It was two years ago today that we officially labeled what was happening to me as a problem.
It was two years ago today that my mother FaceTimed me when I had just woken up from a nap.
“How are you doing?” she asked, and I launched into a sermon.
“We’re doing great!” I shouted, “I’m really starting to feel like I’m making connections. I’m telling my story online. And the more I do, the more other women reach out to me about their experiences with childbirth. It’s like we’re birthing a new world together,” I said, without taking a breath- without realizing that I had said nothing about my one-week-old newborn, the real object of the question. In my mind, my answer was deeply connected to her, as she was at the center of all my stories, the purpose behind it all. But that abstraction did not translate to my mom at all.
“Yes,” my mom said, “But how are you managing to tell these stories in the middle of the night while feeding the baby?” I was annoyed to be asked about the mechanics of it all. I was having no trouble typing with Bailey on my breast. Yet in my efforts to explain this to my mom, I was ignoring Bailey’s cries to be fed, prioritizing my conversation with my mom over Bailey’s needs. My mom finally insisted that I get off the phone and feed her, so I did.
Matt paced back and forth while I nursed her, trying to explain what he was seeing. “You’re just wound up,” he said, “You’re talking so fast and… It’s hard to explain.” I smiled at him with affection, knowing that he didn’t understand that I was doing great, that I was just a better, more actualized version of myself after giving birth.
“Why don’t you call my mom and ask her?” I suggested. Matt thought for a moment, feeling hesitant to connect with her without me. Yet it did seem like a good solution. We were completely isolated in those days, so he had no point of reference for what was normal and no outside eyes to confirm or deny his concerns.
“Really, I insist,” I said, supremely confident that my mom would reassure him that nothing was wrong. That this was what the postpartum experience was like. He left to talk to her privately while walking in our woods.
When he returned, he appeared noticeably lighter and heavier at the same time. “Steph, she agrees with me. She said she was about to cry when she hung up from that call. We’re worried about you.”
I felt a momentary swell of panic. I trusted Matt and his judgment more than anything. He and my mom have different perspectives on many issues, but they were united on this. According to them, something in my brain had gone terribly wrong.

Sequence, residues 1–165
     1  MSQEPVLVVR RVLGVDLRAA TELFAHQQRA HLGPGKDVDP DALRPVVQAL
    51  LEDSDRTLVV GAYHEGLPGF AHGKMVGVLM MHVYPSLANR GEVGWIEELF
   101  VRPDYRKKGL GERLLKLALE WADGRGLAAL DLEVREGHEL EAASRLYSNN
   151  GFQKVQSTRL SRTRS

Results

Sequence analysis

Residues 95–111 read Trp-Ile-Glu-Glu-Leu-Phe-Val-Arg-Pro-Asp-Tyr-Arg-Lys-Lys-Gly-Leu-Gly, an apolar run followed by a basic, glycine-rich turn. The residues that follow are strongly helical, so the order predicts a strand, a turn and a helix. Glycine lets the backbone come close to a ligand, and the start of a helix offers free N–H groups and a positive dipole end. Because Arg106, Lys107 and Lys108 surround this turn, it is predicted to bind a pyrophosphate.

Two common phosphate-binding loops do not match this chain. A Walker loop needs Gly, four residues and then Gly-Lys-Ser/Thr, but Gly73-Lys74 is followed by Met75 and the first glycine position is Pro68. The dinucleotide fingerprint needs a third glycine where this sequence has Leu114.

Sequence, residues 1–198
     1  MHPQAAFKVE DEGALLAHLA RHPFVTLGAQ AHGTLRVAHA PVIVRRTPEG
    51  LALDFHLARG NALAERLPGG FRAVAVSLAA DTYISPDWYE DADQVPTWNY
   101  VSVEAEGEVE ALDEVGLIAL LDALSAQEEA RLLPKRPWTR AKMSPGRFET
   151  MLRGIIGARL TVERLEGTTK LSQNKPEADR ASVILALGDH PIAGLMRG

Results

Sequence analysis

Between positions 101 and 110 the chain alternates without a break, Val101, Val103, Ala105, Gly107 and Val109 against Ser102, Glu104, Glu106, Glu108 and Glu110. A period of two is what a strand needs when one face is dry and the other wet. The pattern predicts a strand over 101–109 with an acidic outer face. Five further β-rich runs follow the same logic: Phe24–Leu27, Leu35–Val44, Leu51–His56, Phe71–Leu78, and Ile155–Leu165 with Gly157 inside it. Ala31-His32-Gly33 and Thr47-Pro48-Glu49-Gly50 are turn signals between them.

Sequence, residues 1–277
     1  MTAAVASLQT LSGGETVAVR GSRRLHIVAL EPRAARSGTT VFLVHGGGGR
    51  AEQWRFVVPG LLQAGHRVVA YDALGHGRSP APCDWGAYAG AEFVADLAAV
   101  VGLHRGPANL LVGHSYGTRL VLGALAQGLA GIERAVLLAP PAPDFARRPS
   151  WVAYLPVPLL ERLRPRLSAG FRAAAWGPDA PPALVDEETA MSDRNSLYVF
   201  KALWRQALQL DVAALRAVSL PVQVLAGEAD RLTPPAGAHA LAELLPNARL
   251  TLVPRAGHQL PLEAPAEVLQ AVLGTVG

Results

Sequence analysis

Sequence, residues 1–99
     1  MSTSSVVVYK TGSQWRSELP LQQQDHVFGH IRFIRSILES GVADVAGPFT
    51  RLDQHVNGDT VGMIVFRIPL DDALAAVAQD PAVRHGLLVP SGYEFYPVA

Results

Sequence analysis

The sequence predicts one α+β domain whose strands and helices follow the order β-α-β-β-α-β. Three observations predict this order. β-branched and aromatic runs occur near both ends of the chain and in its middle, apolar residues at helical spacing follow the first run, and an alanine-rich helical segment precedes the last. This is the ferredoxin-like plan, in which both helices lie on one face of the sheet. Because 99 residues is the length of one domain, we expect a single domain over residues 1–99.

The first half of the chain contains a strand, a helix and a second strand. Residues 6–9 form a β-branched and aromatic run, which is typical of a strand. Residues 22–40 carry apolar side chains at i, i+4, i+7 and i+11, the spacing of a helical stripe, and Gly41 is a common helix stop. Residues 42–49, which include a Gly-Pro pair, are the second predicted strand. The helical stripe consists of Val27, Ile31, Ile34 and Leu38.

Based on descriptions they found on the internet, they suspected that it was postpartum-onset bipolar and began making plans: we would get a psych referral from my OB/GYN, we would get an official diagnosis, we would start to treat this thing.
Meanwhile, I was trying to square their new revelation with my own euphoria. How could I feel this good and be that sick?
“Oh yeah,” I remembered to myself, “I’m just faking having that disease so that people don’t get suspicious about the magic that’s happening to me.” I felt the calm set in. How else could I explain no longer needing sleep? Being so exceptional at everything I did? Having regained perfect eyesight? Something big was happening to me, and I needed to throw people off the scent to avoid any unwanted attention. “I must be doing a really good job to have Matt and my mom fooled,” I thought, as pleased with myself as I always was in those days.
“I’m so relieved you’re ok with this plan,” Matt said, “I was so afraid to tell you.”
“Why?” I said, obliviously.
“Well, you always told me your biggest fear was mental illness- losing control of your brain.”
“Oh, that’s so sweet of you to remember!” I said, “But I’m not afraid of that anymore! I should have told you.”
In my mania, it was nearly impossible for me to be afraid of anything. It was one of the distorted blessings that made the situation a little easier for me at the time. It was one of the symptoms that made the experience even more traumatic for Matt and my mom- one more way in which I had become unrecognizable to them, and one way in which I seemed completely insensitive to their own fear, heartbreak, and exhaustion as we faced this battle together.
Having to face my worst fear has completely changed my life, for better or for worse. It was hell, but I got through it, and I found resilience and strength I never knew I had. To different degrees, I continue to face my worst fear every day. While that exhausts me, it also provides me with a new perspective on what people are capable of when they need to be.
It’s been two years of grappling with my worst fear. Anniversaries of trauma are scary because it feels like you’re going to jinx things and make the bad times come back. I’m afraid to say, as I sit here at the island while Matt cooks up a Passover dinner, that it feels comfortable. That it feels a lot more like life used to. That it feels even better because Bailey will be able to join us when she gets home from daycare. But I’m writing it anyway, because just like on that day two years ago, we need to look the scary things in the face and address them head-on. It may be scary to say, but I am grateful for life as it is right now, two years after this journey began, and one day at a time we will face the next two years together.